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UEA students raise a brew to national energy competition success

Students from the University of East Anglia (UEA) have won a national competition to improve the image of the energy sector - with tea and biscuits.

The team of four triumphed at the RWE npower Energy Challenge, an annual inter-university competition to find the brightest young minds in the UK.

Finalists were asked how energy providers can engage more positively with their customers using existing and emerging technologies. The UEA team proposed a range of measures providing something for every type of customer.

Whilst many teams suggested technology-driven solutions such as apps and blogs, the UEA team also offered a sweet idea aimed at the significant proportion of the population less likely to engage with technology.

Their mobile Energy Advice Centre idea struck a chord with the panel, who thought the promise of a cup of tea and bourbon biscuits for every visitor would appeal to older, vulnerable members of the public.

The idea came from surveys that indicated the public’s increasing desire for face to face contact with utility suppliers. The entire portfolio of ideas would cost £3 million to implement, but demonstrated value for money if just 12% of npower’s customers who might normally switch were retained in the first year.

Lead by Chloe Moore who studies Climate Science, the team also included Alice Saunders who studies Environmental Geophysics, Environmental Science student Rhiannon Hughes and Max Thomas, studying Natural Sciences.

Members of the winning UEA team each received a prize of £1250 and an internship at the final for their innovative proposal.

 
Chloe, who is in her penultimate year at UEA, said: “The energy challenge demanded a lot of hard-work and to come first was recognition of our efforts. The event provided opportunities to enhance our future career prospects, the chance to network with those from the energy industry, perform our presentation at ‘The Royal Institution of Great Britain’ and of course an internship with npower. It was great to have the support of so many staff at UEA and I would really recommend it to any students considering participating in the future."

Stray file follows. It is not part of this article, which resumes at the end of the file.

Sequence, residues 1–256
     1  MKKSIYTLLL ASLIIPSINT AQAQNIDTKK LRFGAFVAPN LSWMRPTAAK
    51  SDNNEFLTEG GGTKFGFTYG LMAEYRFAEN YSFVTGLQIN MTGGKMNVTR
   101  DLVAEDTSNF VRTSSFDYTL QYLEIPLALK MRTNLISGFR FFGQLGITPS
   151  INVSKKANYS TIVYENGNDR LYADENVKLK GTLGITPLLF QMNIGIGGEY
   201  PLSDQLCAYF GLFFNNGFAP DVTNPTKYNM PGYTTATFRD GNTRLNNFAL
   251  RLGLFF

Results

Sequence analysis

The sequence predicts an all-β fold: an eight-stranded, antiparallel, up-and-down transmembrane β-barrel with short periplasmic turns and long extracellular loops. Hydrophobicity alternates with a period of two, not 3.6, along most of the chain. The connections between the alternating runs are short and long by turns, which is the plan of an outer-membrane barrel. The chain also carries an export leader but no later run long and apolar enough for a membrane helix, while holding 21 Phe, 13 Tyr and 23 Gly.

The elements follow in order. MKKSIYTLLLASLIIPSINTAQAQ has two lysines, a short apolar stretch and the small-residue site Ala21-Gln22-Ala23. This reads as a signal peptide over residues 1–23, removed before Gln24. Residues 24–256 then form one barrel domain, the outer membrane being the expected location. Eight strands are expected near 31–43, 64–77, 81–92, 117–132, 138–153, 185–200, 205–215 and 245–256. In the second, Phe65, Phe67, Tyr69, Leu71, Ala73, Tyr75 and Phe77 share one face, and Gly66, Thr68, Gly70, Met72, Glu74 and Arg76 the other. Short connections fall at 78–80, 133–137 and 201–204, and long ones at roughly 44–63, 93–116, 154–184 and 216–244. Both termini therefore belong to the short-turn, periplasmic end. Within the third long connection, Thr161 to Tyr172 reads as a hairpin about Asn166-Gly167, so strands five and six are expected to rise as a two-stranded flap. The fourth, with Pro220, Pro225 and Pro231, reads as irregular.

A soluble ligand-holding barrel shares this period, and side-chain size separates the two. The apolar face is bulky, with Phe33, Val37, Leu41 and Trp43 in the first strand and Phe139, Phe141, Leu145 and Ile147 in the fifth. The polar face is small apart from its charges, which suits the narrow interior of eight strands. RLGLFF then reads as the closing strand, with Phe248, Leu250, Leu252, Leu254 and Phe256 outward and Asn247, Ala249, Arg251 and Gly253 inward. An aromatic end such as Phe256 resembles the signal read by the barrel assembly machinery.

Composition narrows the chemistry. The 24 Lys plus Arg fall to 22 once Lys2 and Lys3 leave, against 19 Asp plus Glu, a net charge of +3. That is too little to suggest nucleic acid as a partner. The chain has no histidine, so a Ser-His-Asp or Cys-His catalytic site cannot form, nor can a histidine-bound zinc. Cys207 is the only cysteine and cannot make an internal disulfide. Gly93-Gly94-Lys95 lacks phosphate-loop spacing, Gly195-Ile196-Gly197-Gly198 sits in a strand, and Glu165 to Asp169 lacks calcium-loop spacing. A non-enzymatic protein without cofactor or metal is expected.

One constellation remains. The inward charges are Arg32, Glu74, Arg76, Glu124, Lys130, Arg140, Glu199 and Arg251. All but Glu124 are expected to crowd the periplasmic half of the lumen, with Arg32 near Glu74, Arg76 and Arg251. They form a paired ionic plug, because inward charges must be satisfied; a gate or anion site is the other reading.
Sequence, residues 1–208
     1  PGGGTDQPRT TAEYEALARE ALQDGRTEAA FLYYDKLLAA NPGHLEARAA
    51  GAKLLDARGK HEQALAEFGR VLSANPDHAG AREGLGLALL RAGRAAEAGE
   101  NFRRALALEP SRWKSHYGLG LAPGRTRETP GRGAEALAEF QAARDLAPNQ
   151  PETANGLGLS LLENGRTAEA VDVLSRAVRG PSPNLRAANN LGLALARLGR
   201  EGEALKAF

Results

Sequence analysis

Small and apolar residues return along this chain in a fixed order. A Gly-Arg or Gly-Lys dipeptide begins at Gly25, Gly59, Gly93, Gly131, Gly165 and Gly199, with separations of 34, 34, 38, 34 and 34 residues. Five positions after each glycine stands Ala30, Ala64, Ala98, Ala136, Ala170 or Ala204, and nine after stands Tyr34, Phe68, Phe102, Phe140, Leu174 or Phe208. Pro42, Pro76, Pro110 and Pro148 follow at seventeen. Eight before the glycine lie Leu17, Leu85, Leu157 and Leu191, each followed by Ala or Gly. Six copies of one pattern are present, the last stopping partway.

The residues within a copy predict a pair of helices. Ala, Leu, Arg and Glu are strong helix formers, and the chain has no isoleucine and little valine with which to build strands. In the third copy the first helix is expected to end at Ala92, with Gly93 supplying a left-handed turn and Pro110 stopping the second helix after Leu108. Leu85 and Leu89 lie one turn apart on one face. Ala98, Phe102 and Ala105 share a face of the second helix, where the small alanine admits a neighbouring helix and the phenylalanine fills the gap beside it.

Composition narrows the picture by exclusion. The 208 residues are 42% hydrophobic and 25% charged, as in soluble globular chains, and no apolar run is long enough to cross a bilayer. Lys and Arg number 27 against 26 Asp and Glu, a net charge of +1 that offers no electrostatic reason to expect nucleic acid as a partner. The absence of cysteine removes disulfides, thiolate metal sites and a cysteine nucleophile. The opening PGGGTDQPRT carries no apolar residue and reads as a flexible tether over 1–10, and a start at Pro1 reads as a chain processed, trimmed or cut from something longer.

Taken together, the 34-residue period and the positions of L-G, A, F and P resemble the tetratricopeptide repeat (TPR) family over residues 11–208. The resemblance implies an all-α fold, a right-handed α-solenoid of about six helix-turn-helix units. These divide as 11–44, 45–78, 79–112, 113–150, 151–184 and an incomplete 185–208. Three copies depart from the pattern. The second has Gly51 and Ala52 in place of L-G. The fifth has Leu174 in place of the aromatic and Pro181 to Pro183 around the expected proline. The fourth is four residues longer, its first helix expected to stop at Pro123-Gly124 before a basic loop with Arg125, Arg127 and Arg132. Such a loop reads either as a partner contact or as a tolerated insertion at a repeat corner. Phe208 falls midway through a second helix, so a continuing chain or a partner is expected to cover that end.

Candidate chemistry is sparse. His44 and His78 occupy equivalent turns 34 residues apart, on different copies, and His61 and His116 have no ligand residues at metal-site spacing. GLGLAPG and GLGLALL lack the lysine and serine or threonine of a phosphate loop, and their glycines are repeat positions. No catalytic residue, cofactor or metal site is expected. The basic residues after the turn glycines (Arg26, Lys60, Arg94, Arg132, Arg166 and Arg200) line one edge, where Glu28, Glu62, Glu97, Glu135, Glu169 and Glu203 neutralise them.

Dr Lawrence Coates, senior lecturer in engineering at UEA, said: “Last year’s UEA team finished in third place, setting the bar high and so this year’s team worked extremely hard to cover every aspect of the challenge, including full costing and considerations of risks and barriers to implementation.

“It was particularly rewarding to hear each member of the team comment on just how much they had learned about the energy industry. It is this student-centred learning aspect of the competition that appeals to me as it can promote deeper learning than traditional approaches. The possibility of winning £1250 also seems to appeal to the students!”

To find out more about studying Environmental Sciences or Energy Engineering at the University of East Anglia, visit http://www.uea.ac.uk/env or http://www.uea.ac.uk/engineering, email admissions@uea.ac.uk or telephone 01603 591515.